Vineman 2011

August 6, 2011

Exactly one-hundred and sixty-eight hours ago, I was at the starting line of the 2011 Vineman Iron-distance Triathlon. In looking back, my nerves had settled, and I entered the water ready to get this proverbial party started. The gun went off, and I pushed off the smooth rocks, resting on the bottom of the Russian River, along with 100 or so other pink-clad cap heads whom had lined up just outside of Guerneville, CA in California’s Wine Country. Gliding into my stroke, peering out of the pink rims of my goggles. A natural rhythm took over, a switch clicked on in me, and I started my progression towards the finish line – completely embracing of whatever lay ahead. I never could have possibly known what that day would hold, and it has taken me an entire week just to fathom how to share it.

The churn of the water seemed to move in slow motion, not frenzied – not like other starts where there are arms flailing, legs kicking you in the face and no pulling on your legs to drag you behind. No, graciously and seemingly effortlessly, our pink mass moved out into the shallow, clean yet cloudy river. Before we knew it, we had descended upon the men’s age groups that had left the start ahead of us. This didn’t please them, but it did us — especially the 6 or so of us that wiggled between them as they literally walked and waded through the very shallow water at the turnaround. With a good dissemination of we strong ladies (there were only 200 women out of a field of 1007 participants) in with the men who claim to own this race, the day had begun in earnest.

About halfway through the swim, I glanced at my watch for a little check in only to find that this fancy, multisport gadget that I was wearing on my wrist was stuck in the wrong mode. Without taking a few minutes to stop, think about it, and right itself, I wasn’t going to be able to read accurate data on the day. I had forgotten to reset it. OOPS. I would be able to tell – via rough subtraction – how long I had been moving, but would know little about my pacing, or speed until I reached the run portion. And so, I was racing blindly. Perhaps a revelation? A blessing in disguise?

Out of the water, violently stripped of my wetsuit but regaining my balance quickly and with my heart beating out of my chest, I donned my helmet, glasses and cycling shoes. My nutrition plan was easy and pre-loaded onto my bike – all I needed to do was hit the road. Fumbling a bit, I took a couple of steadying breaths and was, in a blink, out on the bike – soaking wet and with goosebumps – from the chill of the wind, and the thrill of this chase, ready to see what this new bike and I could do together.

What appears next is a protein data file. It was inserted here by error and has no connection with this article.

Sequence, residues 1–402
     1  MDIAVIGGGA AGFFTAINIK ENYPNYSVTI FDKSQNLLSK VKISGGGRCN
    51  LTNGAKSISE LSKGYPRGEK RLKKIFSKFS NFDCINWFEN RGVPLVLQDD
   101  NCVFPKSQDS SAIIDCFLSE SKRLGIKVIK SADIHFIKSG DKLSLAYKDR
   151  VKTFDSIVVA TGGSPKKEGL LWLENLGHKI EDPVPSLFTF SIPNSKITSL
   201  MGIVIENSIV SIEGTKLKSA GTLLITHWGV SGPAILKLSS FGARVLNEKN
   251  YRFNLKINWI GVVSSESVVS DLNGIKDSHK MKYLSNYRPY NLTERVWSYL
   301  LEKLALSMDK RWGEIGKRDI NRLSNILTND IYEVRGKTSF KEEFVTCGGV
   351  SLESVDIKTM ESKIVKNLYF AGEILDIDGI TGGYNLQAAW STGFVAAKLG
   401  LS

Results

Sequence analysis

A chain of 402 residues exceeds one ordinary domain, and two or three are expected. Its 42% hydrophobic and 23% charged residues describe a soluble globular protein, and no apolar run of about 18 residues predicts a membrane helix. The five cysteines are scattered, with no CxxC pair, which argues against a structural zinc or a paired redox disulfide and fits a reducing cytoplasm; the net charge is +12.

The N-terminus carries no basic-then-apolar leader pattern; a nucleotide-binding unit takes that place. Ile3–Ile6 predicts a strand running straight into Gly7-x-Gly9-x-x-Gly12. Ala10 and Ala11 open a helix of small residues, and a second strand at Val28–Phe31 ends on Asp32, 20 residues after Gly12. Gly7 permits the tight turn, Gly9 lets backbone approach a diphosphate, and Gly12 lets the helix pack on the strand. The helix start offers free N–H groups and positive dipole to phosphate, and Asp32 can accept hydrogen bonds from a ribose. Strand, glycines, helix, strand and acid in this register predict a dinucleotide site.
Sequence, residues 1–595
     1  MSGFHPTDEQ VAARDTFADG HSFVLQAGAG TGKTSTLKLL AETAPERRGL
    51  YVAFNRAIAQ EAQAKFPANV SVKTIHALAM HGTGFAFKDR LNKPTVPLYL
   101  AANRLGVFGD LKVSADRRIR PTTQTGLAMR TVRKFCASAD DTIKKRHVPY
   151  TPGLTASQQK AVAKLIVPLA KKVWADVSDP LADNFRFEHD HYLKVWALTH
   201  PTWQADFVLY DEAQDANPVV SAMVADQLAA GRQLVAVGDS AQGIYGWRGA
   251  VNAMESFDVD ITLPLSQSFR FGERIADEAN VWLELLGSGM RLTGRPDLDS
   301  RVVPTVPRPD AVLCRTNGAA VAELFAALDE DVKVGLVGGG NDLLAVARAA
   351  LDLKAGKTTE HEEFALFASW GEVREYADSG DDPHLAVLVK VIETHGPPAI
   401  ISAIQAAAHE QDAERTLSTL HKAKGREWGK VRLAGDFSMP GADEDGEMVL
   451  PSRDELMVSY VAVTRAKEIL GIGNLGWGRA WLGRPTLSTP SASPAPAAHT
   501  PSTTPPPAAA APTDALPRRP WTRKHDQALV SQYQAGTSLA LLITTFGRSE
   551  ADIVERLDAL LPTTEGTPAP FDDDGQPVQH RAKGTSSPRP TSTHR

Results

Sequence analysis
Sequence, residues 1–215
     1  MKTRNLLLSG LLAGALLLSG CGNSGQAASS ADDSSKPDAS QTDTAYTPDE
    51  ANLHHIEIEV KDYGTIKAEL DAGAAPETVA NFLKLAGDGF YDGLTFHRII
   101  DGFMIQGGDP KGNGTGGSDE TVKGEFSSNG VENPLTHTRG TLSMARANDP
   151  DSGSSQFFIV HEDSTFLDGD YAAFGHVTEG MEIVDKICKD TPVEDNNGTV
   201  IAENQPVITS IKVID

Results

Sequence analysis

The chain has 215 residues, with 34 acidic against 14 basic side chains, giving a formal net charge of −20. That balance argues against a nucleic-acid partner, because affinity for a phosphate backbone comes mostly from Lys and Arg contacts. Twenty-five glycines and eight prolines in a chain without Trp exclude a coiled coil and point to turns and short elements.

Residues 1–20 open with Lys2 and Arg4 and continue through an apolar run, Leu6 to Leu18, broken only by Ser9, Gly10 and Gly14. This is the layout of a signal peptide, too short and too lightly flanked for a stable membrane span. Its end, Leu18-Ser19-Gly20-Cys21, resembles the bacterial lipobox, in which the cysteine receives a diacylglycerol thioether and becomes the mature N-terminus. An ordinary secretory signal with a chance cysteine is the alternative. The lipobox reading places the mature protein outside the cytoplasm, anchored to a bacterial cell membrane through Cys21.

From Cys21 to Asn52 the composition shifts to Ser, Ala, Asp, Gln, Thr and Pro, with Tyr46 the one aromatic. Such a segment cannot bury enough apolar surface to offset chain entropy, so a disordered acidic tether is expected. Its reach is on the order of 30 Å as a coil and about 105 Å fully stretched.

We had yet to bond, really, the bike and I. You all likely remember that a good portion of my training for this race was done on a steel-framed cyclocross bike with nubby tires. An experience that I cursed just weeks ago for beating up my body. But as soon as Bea (that’s the name of the new, black, Spanish rocket) hit the road, I was thanking myself for my underdog rides. My legs spun smoothly over the undulating course – dancing on the pedals on the quick ascents, tucking in tightly for quick descents, moving powerfully and purposefully. Out of Guerneville, around Healdsburg and through the Russian River Valley – beneath giant redwoods we whizzed, past countless wineries and barns, weaving through composed countryside with vineyards all in a row, grapes quivering in the wind as we passed frequently playing quick games of cat and mouse. I saw a couple of other ladies out there pushing big, but for the most part I was congratulating men as I passed. Again, this never pleases them and they frequently feel the need to push hard to catch up, especially on the descents. But, usually they learn and give up often realizing that the strength-to-weight ratio in the little betty that they’re trying to run down is a balance to be respected, not reckoned with. 🙂